Presentation on theme: "The Reason for God #3 How Can a Good God Allow Suffering?"— Presentation transcript:
The Reason for God #3 How Can a Good God Allow Suffering?
“If you could ask God only one question and you knew he would give you an answer, what would you ask?” “Why is there pain and suffering in the world.”
“…in your hearts set apart Christ as Lord. Always be prepared to give an answer to everyone who asks you to give the reason for the hope that you have. But do this with gentleness and respect” (1 Peter 3:15 NIV)
I. Only the Knowledge of God Makes the Question of Evil Even Relevant.
A. Without God There is No External Moral Standard.
clip from “The Genius of Darwin” http://www.youtube.com /watch?v=ptV9sNezEvk http://www.youtube.com /watch?v=ptV9sNezEvk
“The total amount of suffering in the natural world is beyond all DECENT contemplation.”
Provine clip from “The Truth Project” (You can also get clips from the movie: “Expelled”)
Otta Benga exhibited at the Bronx Zoo in 1906 in the Monkey House (Display sign read) “The African Pigmy, Ota Benga." Age, 23 years. Height, 4 feet 11 inches. Weight, 103 pounds. Brought from the Kasai River, Congo Free State, South Central Africa, by Dr. Samuel P. Verner. Exhibited each afternoon during September.”
“There is only one way out of this conundrum. We can pick up the Biblical account of things and see if it explains our moral sense any better than a secular view. If the world was made by a God of peace, justice, and love, then that is why we know that violence, oppression, and hate are wrong. If the world is fallen, broken, and needs to be redeemed, that explains the violence and disorder we see.”
“If you believe human rights are a reality, then it makes much more sense that God exists than that he does not. If you insist on a secular view of the world and yet you continue to pronounce some things right and some things wrong, then I hope you see the deep disharmony between the world your intellect has devised and the real world (and God) that your heart knows exists.” – Timothy Keller
“Either God wants to abolish evil, and cannot; or he can, but does not want to; or he cannot and does not want to. If he wants to, but cannot, he is impotent. If he can, and does not want to, he is wicked. But, if God both can and wants to abolish evil, then how comes evil in the world?” Epicurus 340 B.C
II. God Allows Suffering Because He LOVES us. A. He will not FORCE us to love Him. “…Return to the LORD your God, for he is gracious and compassionate, slow to anger and abounding in love…” (Joel 2:13 NIV)
II. God Allows Suffering Because He LOVES us. A. He will not FORCE us to love Him. B. He will not force us to DO GOOD instead of evil. “Turn from evil and do good; seek peace and pursue it.” (Psalms 34:14 NIV)
III. God Allows Suffering Because He is a Just God.
A. He must punish sin. “The Lord is slow to anger, abounding in love and forgiving sin and rebellion. Yet he does not leave the guilty unpunished…” (Numbers 14:18 NIV)
III. God Allows Suffering Because He is a Just God. A. He must punish sin.
III. God Allows Suffering Because He is a Just God. A. He must punish sin. B. He must allow the Consequences of sin.
III. God Allows Suffering Because He is a Just God. A. He must punish sin. B. He must allow the Consequences of sin. “We are punished justly, for we are getting what our deeds deserve.” (Luke 23:41 NIV)
“He was despised and rejected by men, a man of sorrows, and familiar with suffering. Like one from whom men hide their faces he was despised, and we esteemed him not. 4 Surely he took up our infirmities and carried our sorrows, yet we considered him stricken by God, smitten by him, and afflicted. 5 But he was pierced for our transgressions, he was crushed for our iniquities; the punishment that brought us peace was upon him, and by his wounds we are healed.” (Isaiah 53:3–5 NIV)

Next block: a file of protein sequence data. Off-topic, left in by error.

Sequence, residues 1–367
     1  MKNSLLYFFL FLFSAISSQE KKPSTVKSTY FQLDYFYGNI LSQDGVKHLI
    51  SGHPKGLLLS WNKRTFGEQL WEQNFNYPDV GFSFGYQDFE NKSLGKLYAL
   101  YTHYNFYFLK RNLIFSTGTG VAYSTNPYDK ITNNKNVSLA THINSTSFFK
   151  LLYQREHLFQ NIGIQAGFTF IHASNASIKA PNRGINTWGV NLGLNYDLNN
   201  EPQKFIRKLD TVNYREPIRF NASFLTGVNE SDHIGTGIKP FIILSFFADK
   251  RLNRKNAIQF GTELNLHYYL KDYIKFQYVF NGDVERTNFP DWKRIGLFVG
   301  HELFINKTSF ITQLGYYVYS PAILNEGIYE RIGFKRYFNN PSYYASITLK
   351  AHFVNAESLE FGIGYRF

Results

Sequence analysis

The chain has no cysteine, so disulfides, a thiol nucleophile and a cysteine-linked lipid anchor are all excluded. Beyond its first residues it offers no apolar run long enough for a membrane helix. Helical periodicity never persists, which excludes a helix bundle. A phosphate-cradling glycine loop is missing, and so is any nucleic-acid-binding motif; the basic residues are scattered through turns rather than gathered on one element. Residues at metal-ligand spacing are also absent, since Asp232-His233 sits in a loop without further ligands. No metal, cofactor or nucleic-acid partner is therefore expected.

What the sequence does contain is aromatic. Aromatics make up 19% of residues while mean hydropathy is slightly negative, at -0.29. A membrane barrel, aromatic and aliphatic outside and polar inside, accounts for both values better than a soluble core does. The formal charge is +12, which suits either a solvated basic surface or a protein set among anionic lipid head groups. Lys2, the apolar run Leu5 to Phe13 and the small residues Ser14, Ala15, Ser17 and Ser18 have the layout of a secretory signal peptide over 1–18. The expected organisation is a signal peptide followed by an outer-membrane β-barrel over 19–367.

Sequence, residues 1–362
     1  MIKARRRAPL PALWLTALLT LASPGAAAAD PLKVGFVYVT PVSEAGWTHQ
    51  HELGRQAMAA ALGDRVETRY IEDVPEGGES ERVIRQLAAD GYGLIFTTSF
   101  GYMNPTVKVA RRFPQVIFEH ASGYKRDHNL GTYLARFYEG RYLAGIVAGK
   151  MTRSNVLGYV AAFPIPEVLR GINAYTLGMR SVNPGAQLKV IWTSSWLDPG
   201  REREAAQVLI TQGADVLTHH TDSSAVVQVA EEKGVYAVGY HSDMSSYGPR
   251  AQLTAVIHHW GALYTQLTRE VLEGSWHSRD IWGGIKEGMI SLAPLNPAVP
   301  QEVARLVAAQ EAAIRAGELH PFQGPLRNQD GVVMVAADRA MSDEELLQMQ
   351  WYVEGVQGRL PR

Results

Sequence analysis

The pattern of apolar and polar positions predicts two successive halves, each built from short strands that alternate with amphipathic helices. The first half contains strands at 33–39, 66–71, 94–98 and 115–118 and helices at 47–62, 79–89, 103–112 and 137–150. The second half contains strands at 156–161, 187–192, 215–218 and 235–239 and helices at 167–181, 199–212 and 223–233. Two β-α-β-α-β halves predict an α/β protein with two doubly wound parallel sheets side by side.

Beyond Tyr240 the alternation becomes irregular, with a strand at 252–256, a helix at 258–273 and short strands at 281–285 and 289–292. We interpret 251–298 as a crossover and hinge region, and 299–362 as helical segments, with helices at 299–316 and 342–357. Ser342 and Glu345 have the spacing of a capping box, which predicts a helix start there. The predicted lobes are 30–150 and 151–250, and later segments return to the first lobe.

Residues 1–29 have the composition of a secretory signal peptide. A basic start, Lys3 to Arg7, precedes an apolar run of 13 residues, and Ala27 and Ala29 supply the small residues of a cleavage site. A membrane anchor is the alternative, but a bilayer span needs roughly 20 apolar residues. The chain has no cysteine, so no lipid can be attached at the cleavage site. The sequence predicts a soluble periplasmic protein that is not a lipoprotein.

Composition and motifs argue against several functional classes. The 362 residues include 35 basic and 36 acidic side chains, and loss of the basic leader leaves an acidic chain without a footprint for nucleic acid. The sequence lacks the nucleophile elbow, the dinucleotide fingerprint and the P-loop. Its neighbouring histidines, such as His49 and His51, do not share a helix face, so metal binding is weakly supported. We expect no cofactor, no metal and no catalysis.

IV. He Has a Bigger plan. A. To Enter Suffering Himself. “It can’t be that he is indifferent or detached from our condition. God takes our misery and suffering so seriously that he was willing to take it on himself.” Timothy Keller
IV. He Has a Bigger plan. A. To Enter Suffering Himself. B. To use Suffering to Produce Character in us. “…we also rejoice in our sufferings, because we know that suffering produces perseverance; 4 perseverance, character; and character, hope. 5 And hope does not disappoint us, because God has poured out his love into our hearts by the Holy Spirit, whom he has given us.” (Romans 5:3–5 NIV)
IV. He Has a Bigger plan. A. To Enter Suffering Himself. B. To use Suffering to Produce Character in us. C. To use Suffering to Strengthen our faith. “Can a woman forget her nursing child, and have no compassion on the son of her womb? Even these may forget, but I will not forget you” (Isa. 49:15 NIV).
IV. He Has a Bigger plan. A. To Enter Suffering Himself. B. To use Suffering to Produce Character in us. C. To use Suffering to Strengthen our faith. “In this you greatly rejoice, though now for a little while you may have had to suffer grief in all kinds of trials. 7 These have come so that your faith—of greater worth than gold, which perishes even though refined by fire—may be proved genuine and may result in praise, glory and honor when Jesus Christ is revealed.” (1 Peter 1:6–7 NIV)
IV. He Has a Bigger plan. A. To Enter Suffering Himself. B. To use Suffering to Produce Character in us. C. To use Suffering to Strengthen our faith. D. To one day RELEASE Man from all suffering. “Now the dwelling of God is with men, and he will live with them. They will be his people, and God himself will be with them and be their God. 4 He will wipe every tear from their eyes. There will be no more death or mourning or crying or pain, for the old order of things has passed away.” (Revelation 21:3–4 NIV)